Micro venture capital

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Micro venture capital is money invested to seed early-stage emerging companies with amounts of finance that is typically less than that of traditional venture capital.[1] In contrast to traditional venture capital which is money used to invest in companies looking to fund growth (also referred to as a Series A round of funding), micro venture capital consists of smaller seed investments, typically between $25K to $500K, in companies that have yet to gain traction.[2][3] In the United States, the number of micro venture capital firms have continued to rise rapidly over the last 5 years, and have become an important source of finance for startup companies.[4][5]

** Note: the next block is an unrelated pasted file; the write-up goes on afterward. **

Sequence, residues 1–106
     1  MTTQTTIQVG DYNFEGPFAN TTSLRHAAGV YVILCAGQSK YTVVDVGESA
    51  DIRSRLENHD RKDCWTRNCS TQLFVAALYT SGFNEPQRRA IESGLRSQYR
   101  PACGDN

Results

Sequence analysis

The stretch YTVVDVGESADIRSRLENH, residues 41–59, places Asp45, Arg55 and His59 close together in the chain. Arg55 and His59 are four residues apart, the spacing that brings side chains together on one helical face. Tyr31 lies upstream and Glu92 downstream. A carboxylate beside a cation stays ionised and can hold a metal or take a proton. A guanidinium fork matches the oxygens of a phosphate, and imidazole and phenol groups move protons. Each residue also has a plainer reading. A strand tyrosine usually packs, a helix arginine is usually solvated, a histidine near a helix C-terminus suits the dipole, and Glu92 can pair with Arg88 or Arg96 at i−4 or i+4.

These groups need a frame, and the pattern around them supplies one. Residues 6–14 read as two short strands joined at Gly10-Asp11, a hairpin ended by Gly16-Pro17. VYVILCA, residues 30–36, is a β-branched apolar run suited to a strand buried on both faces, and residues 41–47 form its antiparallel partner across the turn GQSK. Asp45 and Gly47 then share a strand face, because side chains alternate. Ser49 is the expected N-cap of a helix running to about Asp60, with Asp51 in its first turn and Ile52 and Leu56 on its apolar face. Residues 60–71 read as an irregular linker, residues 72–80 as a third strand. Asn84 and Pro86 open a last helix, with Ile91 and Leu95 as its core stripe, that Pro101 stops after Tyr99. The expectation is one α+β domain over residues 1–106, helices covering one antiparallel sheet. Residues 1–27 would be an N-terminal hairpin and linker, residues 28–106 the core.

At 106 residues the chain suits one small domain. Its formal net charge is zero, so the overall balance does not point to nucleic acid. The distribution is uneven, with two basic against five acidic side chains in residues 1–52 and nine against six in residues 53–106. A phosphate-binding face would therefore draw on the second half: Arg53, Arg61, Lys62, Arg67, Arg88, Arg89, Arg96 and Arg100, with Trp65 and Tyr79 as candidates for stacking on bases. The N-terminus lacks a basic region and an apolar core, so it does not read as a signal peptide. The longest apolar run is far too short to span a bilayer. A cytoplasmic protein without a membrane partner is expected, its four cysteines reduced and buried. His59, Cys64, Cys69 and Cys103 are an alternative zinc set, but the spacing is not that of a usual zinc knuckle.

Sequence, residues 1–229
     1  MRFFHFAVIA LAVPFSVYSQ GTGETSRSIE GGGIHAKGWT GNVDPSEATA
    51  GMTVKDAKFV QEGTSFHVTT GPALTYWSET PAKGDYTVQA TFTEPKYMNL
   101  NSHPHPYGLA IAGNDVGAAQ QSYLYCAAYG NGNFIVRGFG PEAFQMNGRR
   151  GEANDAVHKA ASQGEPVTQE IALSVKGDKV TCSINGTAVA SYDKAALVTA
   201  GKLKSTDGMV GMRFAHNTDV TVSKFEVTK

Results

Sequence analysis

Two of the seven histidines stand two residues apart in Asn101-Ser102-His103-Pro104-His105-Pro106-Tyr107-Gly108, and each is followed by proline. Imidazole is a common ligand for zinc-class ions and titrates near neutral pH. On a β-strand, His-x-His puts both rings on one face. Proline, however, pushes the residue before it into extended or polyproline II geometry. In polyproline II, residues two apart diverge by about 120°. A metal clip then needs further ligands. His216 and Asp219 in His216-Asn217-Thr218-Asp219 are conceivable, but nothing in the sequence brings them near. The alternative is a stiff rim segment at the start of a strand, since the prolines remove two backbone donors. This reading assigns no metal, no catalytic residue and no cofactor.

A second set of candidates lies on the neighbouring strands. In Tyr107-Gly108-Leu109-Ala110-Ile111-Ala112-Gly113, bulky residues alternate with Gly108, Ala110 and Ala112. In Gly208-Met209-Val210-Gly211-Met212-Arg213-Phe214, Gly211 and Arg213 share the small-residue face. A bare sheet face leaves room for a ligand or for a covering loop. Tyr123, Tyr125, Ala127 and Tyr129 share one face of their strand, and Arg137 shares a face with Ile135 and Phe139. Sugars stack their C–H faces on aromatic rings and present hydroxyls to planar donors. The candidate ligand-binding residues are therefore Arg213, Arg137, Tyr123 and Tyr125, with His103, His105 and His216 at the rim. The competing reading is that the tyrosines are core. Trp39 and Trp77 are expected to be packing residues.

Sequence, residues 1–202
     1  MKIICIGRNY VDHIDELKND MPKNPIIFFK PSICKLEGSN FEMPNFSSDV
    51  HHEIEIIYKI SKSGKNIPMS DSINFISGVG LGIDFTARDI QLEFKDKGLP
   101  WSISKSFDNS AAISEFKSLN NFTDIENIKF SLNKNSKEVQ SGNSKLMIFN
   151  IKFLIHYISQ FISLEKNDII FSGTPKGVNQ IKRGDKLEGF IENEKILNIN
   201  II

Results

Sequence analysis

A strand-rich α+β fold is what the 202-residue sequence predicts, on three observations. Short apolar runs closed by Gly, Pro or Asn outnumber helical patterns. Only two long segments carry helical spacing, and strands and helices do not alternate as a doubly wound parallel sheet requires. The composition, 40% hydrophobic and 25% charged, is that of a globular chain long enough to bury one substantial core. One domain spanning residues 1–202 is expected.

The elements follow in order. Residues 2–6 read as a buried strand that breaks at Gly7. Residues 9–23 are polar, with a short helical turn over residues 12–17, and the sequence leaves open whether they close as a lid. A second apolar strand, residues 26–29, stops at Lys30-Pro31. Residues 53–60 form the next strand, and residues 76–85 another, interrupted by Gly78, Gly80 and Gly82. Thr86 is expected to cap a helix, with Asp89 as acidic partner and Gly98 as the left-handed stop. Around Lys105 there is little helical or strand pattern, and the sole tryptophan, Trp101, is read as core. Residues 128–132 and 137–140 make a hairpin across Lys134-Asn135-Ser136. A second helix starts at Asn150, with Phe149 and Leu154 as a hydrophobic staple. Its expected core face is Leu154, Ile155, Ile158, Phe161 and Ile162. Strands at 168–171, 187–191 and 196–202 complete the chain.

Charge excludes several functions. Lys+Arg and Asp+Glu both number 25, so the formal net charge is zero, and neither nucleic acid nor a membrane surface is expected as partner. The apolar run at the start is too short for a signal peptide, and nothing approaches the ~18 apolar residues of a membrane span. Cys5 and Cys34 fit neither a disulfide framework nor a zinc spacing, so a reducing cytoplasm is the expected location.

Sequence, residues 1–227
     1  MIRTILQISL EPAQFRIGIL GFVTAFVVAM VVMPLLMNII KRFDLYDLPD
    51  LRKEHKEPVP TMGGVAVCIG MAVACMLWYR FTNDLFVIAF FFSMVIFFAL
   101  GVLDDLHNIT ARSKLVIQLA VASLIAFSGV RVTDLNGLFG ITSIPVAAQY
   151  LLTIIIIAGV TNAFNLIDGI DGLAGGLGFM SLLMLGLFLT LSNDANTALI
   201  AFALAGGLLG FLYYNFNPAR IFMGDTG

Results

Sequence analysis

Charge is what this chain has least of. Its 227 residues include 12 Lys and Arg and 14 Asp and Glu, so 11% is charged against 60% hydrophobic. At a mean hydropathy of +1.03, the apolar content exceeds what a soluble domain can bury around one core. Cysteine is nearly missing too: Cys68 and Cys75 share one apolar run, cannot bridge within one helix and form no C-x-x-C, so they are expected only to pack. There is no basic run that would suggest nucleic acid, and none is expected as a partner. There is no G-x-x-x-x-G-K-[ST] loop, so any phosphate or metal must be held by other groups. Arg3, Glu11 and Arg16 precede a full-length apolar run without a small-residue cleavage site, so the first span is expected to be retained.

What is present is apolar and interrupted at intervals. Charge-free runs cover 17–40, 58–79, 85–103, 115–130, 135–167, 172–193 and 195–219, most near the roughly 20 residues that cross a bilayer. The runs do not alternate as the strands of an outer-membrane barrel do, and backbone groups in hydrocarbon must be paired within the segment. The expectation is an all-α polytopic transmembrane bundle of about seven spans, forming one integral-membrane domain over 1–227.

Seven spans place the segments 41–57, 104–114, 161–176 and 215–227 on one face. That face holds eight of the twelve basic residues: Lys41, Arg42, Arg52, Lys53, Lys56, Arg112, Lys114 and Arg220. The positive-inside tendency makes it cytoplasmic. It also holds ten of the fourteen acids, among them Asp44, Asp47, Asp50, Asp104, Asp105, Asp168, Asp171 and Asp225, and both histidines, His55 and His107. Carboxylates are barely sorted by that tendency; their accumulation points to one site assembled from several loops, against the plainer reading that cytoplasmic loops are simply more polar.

Principles[edit]

Micro venture capital generally share certain characteristics:[6]

  • Initial investment at the seed stage
  • Investment on behalf of 3rd party Limited Partners
  • Most commonly have fund sizes that are less than $50MM

Most micro venture capital firms pursue startups that are at their seed stage because of their lower initial cost basis.[7] Though there is a high probability that the majority of these startups will not survive long enough to reach a Series A round of funding, micro venture capital firms are willing to make the investment because startups generally do not require large sums of capital to bring a product to market,[8] and because they believe that it requires only a few successful companies for them to see profitable returns.[9]

Examples[edit]

In the United States, there are over 236 micro venture capital firms, with more than half located in Silicon Valley.[10] Notable examples include SV Angel, which had invested in Dropbox (a file hosting service valued at $10 billion as of January 2014),[11] and Lowercase Capital which had invested in Uber (an app-based ridesharing service valued at $62.5 billion as of December 2015).[12][13]

See also[edit]

References[edit]